Many of us on this site prefer the 1982 version of the Film "Annie", while others of us perfer the 1999 Disney made-for-TV version. For those of us who have our favorites, we are not bashful or at a loss to tell other why our version is better than the other.
I do think it is interesting to read a review with Martin Charnin to get his view on the 1982 movie.
(Q) Charnin's take on the 1982 film version of the Musical (Annie) directed my John Huston
staring Carol Burrnett, Albert Finney, Aileen Quinn, Bernadette Peters, Tim Curry and Ann Reinking?
(A) "Terrible, terrible...it distorted everything!"
HMM! Martin Charnin didn't even like it. Although, he was used to seeing it one way, his way and any detour from that would most likely produce a negative result.
I've never seen the 1999 Disney version and, until very recently, had no idea that the '82 version had been so much maligned by (some) fans of the stage production or '99 version. All I know is that in 1982, when I was 12 years old, that movie brought me more joy than any other movie I'd seen up to that point. (Although, I will admit that, even then, I thought the bridge scene was way too long.) I remember very clearly sitting in the theater, waiting for the movie to begin. Carol Burnett was the reason I was there, but the orphans and the music completely won me over, and I spent a LOT of time with those girls, singing those songs, once it came out on VHS. I do not have any Annie fandom cred, having only seen the '82 film version (so far), but that version is the reason I am now getting my Annie education. Sure, it's 30 years later, but better late than never. So, I'm grateful for it, even if Charnin isn't!
I wish, in the '82 version, they had at least re-shot the scenes with the orphans singing and dancing totally out of sync. The orphans in Smile started laughing when the pre-recorded music was still playing, and they did not dance together at all. I guess I just expect more when the performers are being paid. That movie did not show off the girls true talents, I don't think. Even if the crew was making faces at them during Smile, looking off camera does not look like you are in character. Some of the orphans scenes were done well. They just changed too much in comparison to the stage version. Typical of Hollywood.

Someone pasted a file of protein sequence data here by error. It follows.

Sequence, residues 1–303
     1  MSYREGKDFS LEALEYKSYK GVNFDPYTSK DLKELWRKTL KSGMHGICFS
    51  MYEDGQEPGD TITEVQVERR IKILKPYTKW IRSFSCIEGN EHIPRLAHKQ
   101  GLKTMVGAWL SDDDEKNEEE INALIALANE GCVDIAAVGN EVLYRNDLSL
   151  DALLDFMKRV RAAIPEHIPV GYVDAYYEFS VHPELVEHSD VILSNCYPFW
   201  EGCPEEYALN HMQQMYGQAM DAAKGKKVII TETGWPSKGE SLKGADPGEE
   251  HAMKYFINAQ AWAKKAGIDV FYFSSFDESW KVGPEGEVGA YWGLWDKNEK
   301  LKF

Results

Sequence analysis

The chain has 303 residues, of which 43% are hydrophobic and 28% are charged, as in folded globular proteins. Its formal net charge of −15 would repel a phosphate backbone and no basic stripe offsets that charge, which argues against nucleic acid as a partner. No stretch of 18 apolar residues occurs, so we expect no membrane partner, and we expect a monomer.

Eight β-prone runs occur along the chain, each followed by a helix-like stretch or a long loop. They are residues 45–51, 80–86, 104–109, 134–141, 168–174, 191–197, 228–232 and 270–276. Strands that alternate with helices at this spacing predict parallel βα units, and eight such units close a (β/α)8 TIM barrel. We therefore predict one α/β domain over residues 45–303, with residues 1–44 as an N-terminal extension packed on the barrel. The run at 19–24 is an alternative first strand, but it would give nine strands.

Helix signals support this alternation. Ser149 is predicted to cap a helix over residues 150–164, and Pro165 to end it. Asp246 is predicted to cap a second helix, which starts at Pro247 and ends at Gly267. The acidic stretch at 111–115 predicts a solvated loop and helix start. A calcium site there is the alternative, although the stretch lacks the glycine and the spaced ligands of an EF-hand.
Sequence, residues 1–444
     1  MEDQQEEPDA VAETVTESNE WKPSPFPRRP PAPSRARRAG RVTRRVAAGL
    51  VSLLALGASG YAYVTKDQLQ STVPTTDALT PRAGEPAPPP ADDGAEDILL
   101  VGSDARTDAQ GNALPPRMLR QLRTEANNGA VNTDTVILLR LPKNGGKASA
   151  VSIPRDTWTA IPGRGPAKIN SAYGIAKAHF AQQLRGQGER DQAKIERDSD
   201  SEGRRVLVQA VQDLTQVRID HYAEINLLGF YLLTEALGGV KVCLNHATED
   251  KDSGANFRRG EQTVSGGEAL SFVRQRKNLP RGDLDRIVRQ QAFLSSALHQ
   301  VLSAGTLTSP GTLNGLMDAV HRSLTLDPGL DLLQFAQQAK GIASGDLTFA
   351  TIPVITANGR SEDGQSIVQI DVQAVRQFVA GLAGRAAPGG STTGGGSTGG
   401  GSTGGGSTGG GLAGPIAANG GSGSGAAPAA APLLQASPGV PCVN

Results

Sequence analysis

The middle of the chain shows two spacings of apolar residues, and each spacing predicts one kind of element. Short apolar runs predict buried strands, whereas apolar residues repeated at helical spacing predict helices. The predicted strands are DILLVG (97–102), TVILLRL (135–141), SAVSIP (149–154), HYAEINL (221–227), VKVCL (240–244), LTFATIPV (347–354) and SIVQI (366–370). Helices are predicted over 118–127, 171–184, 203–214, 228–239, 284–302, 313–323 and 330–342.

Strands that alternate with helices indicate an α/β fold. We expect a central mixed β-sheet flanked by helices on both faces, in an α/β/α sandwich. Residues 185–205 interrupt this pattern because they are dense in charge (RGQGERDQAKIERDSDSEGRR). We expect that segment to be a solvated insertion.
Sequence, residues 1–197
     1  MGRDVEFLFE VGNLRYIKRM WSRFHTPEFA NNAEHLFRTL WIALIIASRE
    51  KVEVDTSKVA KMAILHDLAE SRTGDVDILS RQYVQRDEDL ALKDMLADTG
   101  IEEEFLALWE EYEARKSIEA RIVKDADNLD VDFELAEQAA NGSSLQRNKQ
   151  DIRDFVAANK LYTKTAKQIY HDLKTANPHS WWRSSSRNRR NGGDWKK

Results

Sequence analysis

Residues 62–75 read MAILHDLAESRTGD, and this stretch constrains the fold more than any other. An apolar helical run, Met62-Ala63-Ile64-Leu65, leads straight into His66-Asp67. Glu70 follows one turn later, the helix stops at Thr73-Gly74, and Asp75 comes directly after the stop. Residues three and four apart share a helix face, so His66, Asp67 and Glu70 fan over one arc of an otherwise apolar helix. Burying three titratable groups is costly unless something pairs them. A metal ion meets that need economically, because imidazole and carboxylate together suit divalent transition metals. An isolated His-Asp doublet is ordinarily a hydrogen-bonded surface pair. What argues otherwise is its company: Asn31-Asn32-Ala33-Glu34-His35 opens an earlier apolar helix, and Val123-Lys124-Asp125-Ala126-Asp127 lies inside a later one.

I think the Disney version is the better one.
To me, the 1982 movie really makes you feel like it's happening in the 1930s. i guess it's the main characteristic that it has and that the 1999 hasn't. And i think it's important.
Actually, the detail that disturbs me the most in the 1999 one, is Pepper's clothes. it looks like from another period to me, but it might be just me
We have an magazine about animals backstage for our Annie production. There is a picture of Sandy and Aileen with Nancy Reagan. There is an article about the dog playing Sandy in the movie. He got the same pay as Aileen, $10,000, and stayed in a $27,000 mobile home during filming. Pampered dog. He is so cute! :)
The dog was paid $10,000 - Aileen was paid $100,000 (not $10,000)
I have now seen the '99 Disney movie and can honestly say, I like both film versions.
The one difference that struck me most, even though I knew to expect it, was Miss Hannigan's much darker ending. Her lack of redemption does change the tone of her character and of the show, for me. In that alone, I can see what Charnin means. By being more faithful to the original story, the '99 version is also being more respectful of it. That's how I imagine some fans of the original show might feel.
It was good to see "Tomorrow" and two of the songs missing from '82 version performed in the context of the show (as opposed to clips on youtube), but I will say, I missed "Sign." I know the Hannigan/Warbucks orphanage scene is one of the changes made for the film and doesn't actually happen in the original, but I do love that number.
Honestly, I'm even more excited than before to see Annie on stage now that I've seen the '99 version, but I still love me some sugar-coated '82 Annie.
Yeah, when I played Warbucks in high school, I regretted that I had almost no stage time with Hannigan.
For the record, apart from that production <g>, my favorite is the 1982 film -- also my introduction to the show -- but I have only seen the Disney version all the way through once, honestly, and don;'t have anything against it. I remember at the time feeling like it was too truncated and that Victor Garber's Warbucks didn't bluster enough, but I'm of course unduly influenced by how Finney (and thus I) played the part.
As long as everyone has jumped on this thread, I will join in. I dont' like "Sign" or "Let's Go to the Movies" in the 1982 version and I dont' like the fact that they cut "Something was Missing". It is in that moment that Warbucks desparately falls in love in Annie and can't imagine his life without her.
Victor Garber is totally wrong for Warbucks, but I still love him in that role. In fact, I would pay to hear him read cake recipes. While there is nothing wrong with Aileen Quinn's performance, I just like Alicia Morton better. I like that fact that she doesn't have that Afro-hairdo from the whole move and they only put some curlies in it for "Together At Last".
I own them both, but I never rewatch the 1982 version. I rewatch the Disney version ALL the TIME.